Culture & Ethics

Trump’s Public Statements Aren’t Relevant in Assessing His Likely Climate Policy

The Media Need to Take Trump’s Advisors, and Their Policy Proposals, More Seriously Than They Take Trump’s Off-the-Cuff Comments

The media need to get their act together when they report and editorialize about President-elect Donald Trump’s public statements.  Chief among many failures in reporting on the campaign was the tendency of major newspapers and television outlets to focus on candidates’ rhetoric, symbolism, and character, to the virtual exclusion of governance and policy. This contributed […]

Continue Reading

Surprise! Bill O’Reilly Says Trump Should Accept the Paris Agreement

fox-news-fair-balanced

No, this isn’t a hoax, and I didn’t find it on the Onion. Seriously.

Bill O’Reilly has said on Fox News that Trump should accept the Paris Agreement because “it’s not that big a deal” and ‘it would buy good will.”  When I read this, my first thought was that it was somebody’s idea of a joke, or was just some of that fake Internet news that we’ve all heard […]

Continue Reading

Can Women’s Land Rights Combat Climate Change?

BANGUI, CENTRAL AFRICAN REPUBLIC - MARCH 13: A young African woman at work in the fields, checking the crops to be harvested just outside Bangui pictured on March 13, 2014 near Bangui, Central African Republic. (Photo by Thomas Koehler/Photothek via Getty Images)

Suggestive Links Between Gender Equity and Sustainability

I suppose that the holy grail of environmentalism, and environmental scholarship, is integrating equity concerns with global priorities. The environmental justice movement has sought to do this, sometimes with success and sometimes less so. Now Jennifer Duncan of Landesa, one of the most innovative think tanks focusing on land rights and the Global South, thinks […]

Continue Reading

The Future of Environmental Law?

Presenters at the event on Emerging Leaders and the Future of Environmental Law in Honolulu, Sept. 2, 2016

Thoughts from the IUCN World Conservation Congress in Hawai’i

I am writing this weekend from a sunny spot in the Pacific, from the IUCN World Conservation Congress in Honolulu. For the uninitiated, the IUCN—International Union for Conservation of Nature and Natural Resources—is a global union of governments and non-governmental organizations (including over 1300 member institutions, organizations, and countries worldwide) focused on the conservation of […]

Continue Reading

What Threatens Biodiversity?

Silverback mountain gorilla in Rwanda (2007)

Are we too worried about climate change to focus on the other problems we know about?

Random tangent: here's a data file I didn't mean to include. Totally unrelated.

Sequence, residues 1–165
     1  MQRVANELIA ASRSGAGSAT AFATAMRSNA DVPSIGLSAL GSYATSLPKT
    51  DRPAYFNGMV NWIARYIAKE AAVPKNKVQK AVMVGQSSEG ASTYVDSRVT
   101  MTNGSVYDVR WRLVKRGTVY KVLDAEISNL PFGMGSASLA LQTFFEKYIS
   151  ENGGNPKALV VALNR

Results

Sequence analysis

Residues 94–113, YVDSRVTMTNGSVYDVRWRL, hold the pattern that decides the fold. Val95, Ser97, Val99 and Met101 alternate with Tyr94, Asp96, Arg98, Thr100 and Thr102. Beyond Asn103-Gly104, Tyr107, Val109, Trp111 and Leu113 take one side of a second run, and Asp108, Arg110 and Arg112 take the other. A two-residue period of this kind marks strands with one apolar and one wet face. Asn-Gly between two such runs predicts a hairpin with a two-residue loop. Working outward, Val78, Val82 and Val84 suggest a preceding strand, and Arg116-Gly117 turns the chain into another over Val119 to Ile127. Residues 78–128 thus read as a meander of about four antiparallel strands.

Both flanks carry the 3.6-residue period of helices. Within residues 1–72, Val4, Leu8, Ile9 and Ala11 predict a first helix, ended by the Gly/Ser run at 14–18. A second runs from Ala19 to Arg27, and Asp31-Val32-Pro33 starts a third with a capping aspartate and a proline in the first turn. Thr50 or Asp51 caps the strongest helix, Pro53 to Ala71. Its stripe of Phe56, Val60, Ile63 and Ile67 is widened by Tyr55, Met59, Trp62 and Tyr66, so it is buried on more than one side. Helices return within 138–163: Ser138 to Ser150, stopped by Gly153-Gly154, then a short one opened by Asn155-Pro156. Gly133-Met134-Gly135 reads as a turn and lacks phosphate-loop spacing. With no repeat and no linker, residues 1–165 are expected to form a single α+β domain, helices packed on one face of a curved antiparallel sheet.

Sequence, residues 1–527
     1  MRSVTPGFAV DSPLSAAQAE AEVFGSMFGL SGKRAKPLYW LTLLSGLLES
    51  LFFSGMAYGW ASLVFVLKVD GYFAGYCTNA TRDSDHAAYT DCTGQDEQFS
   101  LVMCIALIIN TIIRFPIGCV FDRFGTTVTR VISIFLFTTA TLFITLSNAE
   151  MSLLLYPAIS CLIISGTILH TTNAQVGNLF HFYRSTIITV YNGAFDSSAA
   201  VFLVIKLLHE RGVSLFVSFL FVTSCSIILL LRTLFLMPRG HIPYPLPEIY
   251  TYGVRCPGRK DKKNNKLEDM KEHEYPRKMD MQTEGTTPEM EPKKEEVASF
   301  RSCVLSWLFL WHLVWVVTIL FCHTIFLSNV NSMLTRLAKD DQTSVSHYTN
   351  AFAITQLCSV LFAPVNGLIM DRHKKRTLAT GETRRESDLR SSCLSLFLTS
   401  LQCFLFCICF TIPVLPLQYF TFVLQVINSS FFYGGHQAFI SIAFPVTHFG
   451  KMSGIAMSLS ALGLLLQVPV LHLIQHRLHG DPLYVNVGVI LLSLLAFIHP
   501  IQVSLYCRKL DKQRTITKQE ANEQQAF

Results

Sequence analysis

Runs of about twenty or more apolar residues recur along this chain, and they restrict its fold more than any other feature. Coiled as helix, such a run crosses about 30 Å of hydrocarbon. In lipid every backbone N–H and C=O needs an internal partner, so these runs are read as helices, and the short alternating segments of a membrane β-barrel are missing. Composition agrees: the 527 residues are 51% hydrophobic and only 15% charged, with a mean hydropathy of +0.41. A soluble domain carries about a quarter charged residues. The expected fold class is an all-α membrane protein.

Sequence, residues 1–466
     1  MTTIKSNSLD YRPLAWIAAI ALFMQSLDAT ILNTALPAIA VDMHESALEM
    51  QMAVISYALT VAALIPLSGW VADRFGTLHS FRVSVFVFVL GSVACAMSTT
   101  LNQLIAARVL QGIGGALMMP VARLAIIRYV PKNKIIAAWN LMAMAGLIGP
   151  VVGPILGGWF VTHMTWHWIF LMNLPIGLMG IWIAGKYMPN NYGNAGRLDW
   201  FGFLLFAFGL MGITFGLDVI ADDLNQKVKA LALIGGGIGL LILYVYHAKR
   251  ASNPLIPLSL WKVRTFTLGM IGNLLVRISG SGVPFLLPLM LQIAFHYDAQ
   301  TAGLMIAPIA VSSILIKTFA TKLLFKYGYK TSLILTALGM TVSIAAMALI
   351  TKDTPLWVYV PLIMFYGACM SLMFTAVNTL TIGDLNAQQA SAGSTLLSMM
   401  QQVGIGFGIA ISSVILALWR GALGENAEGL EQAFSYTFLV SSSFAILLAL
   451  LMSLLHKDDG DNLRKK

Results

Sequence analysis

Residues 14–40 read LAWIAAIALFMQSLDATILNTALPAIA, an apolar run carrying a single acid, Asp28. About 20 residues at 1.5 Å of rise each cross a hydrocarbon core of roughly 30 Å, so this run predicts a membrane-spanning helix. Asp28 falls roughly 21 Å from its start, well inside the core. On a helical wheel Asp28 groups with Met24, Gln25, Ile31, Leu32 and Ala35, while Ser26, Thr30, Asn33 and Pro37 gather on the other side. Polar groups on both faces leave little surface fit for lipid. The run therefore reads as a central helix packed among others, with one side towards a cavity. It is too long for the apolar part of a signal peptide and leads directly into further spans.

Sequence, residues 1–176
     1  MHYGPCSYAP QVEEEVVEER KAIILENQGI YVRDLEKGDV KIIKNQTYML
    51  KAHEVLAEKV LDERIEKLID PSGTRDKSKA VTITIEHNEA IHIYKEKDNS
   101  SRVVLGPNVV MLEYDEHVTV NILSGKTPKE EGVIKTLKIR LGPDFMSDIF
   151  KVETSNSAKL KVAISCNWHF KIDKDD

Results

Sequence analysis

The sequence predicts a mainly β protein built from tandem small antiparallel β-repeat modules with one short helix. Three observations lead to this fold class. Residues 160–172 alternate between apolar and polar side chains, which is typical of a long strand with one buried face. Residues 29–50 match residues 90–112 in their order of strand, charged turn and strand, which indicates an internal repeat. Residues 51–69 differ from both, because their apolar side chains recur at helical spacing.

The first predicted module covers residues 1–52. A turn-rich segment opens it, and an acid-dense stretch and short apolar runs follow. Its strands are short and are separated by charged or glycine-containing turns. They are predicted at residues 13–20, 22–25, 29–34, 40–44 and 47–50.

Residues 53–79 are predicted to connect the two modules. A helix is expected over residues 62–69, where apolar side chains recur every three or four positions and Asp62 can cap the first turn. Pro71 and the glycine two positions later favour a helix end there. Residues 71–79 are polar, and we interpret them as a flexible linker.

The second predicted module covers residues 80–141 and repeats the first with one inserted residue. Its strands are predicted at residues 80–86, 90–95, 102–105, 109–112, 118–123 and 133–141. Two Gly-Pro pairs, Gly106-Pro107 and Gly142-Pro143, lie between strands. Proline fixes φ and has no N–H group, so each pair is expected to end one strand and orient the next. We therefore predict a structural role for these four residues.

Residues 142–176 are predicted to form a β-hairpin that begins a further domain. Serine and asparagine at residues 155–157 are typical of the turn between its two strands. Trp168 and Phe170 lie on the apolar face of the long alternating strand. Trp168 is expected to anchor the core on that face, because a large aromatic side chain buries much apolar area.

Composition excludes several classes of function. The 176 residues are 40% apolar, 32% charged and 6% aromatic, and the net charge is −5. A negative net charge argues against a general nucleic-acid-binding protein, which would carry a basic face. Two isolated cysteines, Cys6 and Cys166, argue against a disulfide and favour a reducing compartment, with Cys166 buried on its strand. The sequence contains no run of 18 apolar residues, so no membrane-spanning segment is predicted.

Yesterday, Nature published a noteworthy comment on the biodiversity crisis, written by researchers at the University of Queensland and the International Union for Conservation of Nature (IUCN). The piece is based on a study of 8,688 species that are classified on the IUCN’s Red List either as threatened (vulnerable, endangered, or critically endangered) or near-threatened. The main […]

Continue Reading

The Libertarian Party and the Environment

The Libertarian Party platform leaves many open questions about environmental protection.

A number of people seem drawn to the Libertarian Party during this election cycle.  As it turns out, the Party believes not only in minimal government but a minimal platform.  Compared to the platforms of the major parties, the Libertarian platform is blessedly brief. (It also seems notably more purist than the Party’s presidential ticket.) […]

Continue Reading

Red, white, blue and smog

fireworks 3

Fireworks leave behind a lot of pollutants

As a kid on the South Side of Chicago, summertime meant seeing White Sox games at Comiskey Park (technically now called U.S. Cellular Park, but I will never call it that). If the Sox won, there were fireworks. And on Saturdays, there were fireworks even if they didn’t. I have a distinct memory of asking […]

Continue Reading

Mr. Jefferson’s Bridge

Natural_Bridge_VA_size

Anticipating modern environmental views, Jefferson viewed nature as a public trust.

This being the Fourth of July, it seems appropriate to talk about Jefferson’s relationship with nature. A revealing example involves some land he owned between Lexington and Roanoke.  Two years before the Declaration of Independence, Jefferson purchased 157 acres of land  from the King.  He bought the land because it contained a remarkable feature — a 200-foot […]

Continue Reading

Let Us Now Praise Famous Plants

Lace Lichen

Taking environmental law education outdoors

Lawyers spend their lives among tree slices (using 20,000-100,00 sheets of paper per attorney annually), but distressingly little time among whole trees. This became evident when I hauled a class of bemused clinical environmental law students up a wooded slope near the UC Berkeley campus this spring for a lesson spanning ecology, agency jurisdiction, and […]

Continue Reading

The Irony of a Developing Nation’s Climate Agenda

AerialViewPhotochemicalSmogMexicoCity_2

The challenge of developing and decarbonizing at the same time

Mexico has been busy. Or at least, its energy and environmental ministers have been. Over the last several years, Mexico has held its first auction for renewable energy contracts, opened its energy market to private competitors, and increased its renewable energy capacity by more than thirty times the level in 2008. At the same time, […]

Continue Reading